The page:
Java SE is a platform-independent programming language. It is used on all operating systems – Windows and *nix-based, which increases the scope of exploiting a security vulnerability in Java. I will examine two critical Java security vulnerabilities exploited in the wild during the last few months.
Applets in a sandbox
Java applets use a sandbox, which restricts them from accessing privileged operating system functionality and some privileged Java code. An applet developed by any programmer can therefore run safely in the browser without performing any malicious activities on the computer because applets are not permitted to do things like explicitly read or write from the file system or create network connections to external hosts. Attackers who exploit Java vulnerabilities escape the restrictions of the sandbox and are free to execute arbitrary code. This has potentially devastating effects on a computer.
Exploitation of Java security issues have, in recent years, increased significantly. Java exploits are more reliable because they do not need to bypass Windows security mechanisms such as Address Space Randomization Layout (ASLR) and Data Execution Prevention (DEP). The sole purpose of a Java vulnerability exploit is to bypass the applet sandbox restriction in order to download and execute malware.
Figure 1. Recent vulnerabilities patched
The above graph shows the number of Java Runtime Environment vulnerabilities fixed in the last two Oracle Java SE Critical Patch Updates (CPU).
Figure 2. Recent vulnerabilities timeline
In the last six months, there were two Java security vulnerabilities exploited in the wild due to a type-confusion error: Oracle Java SE Remote Java Runtime Environment Code Execution Vulnerability (CVE-2012-0507) and Oracle Java SE CVE-2012-1723 Remote Code Execution Vulnerability (CVE-2012-1723). Oracle had released the patches for both of these issues on Feb 14, 2012 and June 12, 2012 respectively. Technical details about both of these issues were published on the Internet about ten days after the release of the updates. It took more than a month to see attacks in the wild for CVE-2012-0507 after the update release while attacks for CVE-2012-1723 were detected in less than a month.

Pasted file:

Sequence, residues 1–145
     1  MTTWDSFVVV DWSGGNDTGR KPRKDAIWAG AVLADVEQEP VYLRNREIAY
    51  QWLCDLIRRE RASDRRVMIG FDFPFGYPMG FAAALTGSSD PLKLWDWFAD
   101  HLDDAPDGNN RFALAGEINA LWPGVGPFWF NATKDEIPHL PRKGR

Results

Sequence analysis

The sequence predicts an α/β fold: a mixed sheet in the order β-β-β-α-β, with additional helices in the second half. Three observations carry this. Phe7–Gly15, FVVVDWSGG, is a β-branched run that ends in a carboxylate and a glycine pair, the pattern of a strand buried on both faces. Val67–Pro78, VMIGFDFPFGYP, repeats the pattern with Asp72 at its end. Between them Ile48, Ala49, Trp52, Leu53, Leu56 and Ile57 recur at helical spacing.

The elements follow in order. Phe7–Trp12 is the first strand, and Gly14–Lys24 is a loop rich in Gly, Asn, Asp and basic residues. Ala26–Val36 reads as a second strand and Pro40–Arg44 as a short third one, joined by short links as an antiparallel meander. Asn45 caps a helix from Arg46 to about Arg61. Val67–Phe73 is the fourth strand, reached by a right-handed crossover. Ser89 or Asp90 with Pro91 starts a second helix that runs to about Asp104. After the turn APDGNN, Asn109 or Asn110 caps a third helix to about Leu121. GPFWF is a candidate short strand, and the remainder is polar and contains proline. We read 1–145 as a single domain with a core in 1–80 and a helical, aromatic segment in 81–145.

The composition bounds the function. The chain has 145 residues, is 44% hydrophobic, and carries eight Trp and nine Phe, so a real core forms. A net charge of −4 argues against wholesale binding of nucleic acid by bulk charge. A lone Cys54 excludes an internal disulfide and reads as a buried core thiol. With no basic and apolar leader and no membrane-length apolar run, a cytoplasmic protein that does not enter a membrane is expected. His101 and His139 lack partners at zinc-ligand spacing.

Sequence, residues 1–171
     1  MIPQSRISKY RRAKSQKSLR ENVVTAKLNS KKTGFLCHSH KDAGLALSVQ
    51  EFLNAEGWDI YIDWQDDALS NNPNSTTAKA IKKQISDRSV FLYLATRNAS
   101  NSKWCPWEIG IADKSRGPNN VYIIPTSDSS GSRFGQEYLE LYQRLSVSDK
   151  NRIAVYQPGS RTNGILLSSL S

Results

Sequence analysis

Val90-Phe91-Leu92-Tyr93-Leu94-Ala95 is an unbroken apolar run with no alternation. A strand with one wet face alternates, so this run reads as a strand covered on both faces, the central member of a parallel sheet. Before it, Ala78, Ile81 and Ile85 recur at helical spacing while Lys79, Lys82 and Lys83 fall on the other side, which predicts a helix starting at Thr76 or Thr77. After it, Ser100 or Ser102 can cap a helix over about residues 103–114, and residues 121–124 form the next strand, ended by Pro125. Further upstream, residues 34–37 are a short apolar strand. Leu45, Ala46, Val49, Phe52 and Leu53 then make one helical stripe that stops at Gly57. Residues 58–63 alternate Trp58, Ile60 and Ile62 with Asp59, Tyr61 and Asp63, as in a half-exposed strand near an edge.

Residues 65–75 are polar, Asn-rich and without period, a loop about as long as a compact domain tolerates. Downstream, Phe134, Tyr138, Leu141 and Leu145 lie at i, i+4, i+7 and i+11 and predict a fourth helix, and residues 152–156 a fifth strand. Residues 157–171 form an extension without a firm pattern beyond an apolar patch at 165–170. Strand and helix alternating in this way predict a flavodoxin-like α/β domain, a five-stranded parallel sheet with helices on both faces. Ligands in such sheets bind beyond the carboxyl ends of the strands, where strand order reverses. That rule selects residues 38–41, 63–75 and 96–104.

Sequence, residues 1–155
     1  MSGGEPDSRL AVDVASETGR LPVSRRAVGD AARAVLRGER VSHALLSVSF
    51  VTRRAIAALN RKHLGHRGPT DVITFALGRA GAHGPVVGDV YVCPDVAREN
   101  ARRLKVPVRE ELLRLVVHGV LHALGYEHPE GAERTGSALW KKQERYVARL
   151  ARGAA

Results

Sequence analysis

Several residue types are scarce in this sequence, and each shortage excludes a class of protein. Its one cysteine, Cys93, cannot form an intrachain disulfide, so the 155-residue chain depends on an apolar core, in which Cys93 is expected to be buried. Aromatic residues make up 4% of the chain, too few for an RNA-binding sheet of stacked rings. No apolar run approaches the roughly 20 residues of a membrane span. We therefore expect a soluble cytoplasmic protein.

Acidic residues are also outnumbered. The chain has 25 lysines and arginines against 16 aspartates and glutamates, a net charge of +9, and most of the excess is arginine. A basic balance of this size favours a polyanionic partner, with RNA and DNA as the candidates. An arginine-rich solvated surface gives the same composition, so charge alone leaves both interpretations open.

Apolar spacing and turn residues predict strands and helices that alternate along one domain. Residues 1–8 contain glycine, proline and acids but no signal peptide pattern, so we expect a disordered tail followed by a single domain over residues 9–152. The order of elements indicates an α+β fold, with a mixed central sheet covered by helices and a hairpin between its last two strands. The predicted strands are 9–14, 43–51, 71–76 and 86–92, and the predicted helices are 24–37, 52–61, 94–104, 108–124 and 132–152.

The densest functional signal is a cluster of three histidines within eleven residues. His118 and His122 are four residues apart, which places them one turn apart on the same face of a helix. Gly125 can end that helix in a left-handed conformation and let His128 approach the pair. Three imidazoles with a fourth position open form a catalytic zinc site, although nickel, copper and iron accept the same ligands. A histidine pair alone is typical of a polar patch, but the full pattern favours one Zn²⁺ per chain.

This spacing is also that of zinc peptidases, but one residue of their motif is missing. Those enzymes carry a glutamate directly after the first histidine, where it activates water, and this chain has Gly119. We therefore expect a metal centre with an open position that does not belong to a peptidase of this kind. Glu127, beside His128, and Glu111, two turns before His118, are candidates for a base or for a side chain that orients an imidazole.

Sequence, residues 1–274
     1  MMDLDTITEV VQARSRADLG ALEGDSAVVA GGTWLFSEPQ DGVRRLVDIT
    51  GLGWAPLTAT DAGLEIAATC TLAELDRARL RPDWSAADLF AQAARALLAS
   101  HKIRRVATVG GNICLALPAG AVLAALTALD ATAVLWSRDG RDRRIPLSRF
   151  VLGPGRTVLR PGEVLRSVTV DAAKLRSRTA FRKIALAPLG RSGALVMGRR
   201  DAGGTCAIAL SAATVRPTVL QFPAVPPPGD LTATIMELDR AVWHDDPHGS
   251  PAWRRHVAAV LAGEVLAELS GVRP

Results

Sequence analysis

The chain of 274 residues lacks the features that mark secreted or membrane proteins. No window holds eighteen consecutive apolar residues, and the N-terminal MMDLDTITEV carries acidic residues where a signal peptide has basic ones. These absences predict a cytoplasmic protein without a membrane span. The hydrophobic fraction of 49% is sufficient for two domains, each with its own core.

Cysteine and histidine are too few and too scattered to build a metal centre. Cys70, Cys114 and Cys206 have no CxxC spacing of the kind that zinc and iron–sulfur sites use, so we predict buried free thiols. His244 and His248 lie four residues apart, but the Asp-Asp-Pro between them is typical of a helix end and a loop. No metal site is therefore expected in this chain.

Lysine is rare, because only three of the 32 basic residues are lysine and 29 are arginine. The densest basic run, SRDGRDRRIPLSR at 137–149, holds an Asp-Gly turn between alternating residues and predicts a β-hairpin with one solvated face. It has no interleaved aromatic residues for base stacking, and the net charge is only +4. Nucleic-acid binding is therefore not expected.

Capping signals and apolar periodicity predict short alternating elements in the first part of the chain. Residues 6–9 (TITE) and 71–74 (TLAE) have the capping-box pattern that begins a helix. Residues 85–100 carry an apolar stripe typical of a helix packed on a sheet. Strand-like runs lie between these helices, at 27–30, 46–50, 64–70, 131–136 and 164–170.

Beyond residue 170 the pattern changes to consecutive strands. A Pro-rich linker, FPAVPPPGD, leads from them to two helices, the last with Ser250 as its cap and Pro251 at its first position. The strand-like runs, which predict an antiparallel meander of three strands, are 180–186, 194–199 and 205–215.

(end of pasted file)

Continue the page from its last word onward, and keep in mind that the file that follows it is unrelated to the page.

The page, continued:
The CVE-2012-0507 vulnerability (Figure 3) occurs because the application fails to properly check if an array is of an expected Object type. The AtomicReferenceArray.set() method is used to write an arbitrary reference into the array and violates type safety.
Figure 3. CVE-2012-0507 code sample
The CVE-2012-1723 vulnerability (Figure 4) occurs because the Verifier fails to detect a PUTFIELD operation on a static field. The issue is described here and full technical details are also available in a Threat Analysis document for Symantec DeepSight customers.
Figure 4. CVE-2012-1723 code sample
Samples for both issues used the same technique for exploitation: the ClassLoader object obtained through getClass().getClassLoader() utilizing the type confusion vulnerability to create confusion with a subclass of ClassLoader. The protected method defineClass() of ClassLoader is called to dynamically create a new class with new permissions.
Figure 5. Creation of new class and permissions
Under normal circumstances the above process is not allowed in the sandbox.
Figure 6. Exploitation utilizing type confusion vulnerability
The next scheduled Oracle Java SE Critical Patch Update is October 16, 2012 and we recommend users apply Java updates as soon as they become available.
Symantec detects exploit attempts for CVE-2012-1723 as Trojan.Maljava!gen23 along with “Web Attack: Malicious JAR Download 2” and “Malicious JAR Download” IPS detections. CVE-2012-0507 exploit attempts are detected by “Web Attack: JRE Concurrency CVE-2012-0507” IPS detection.
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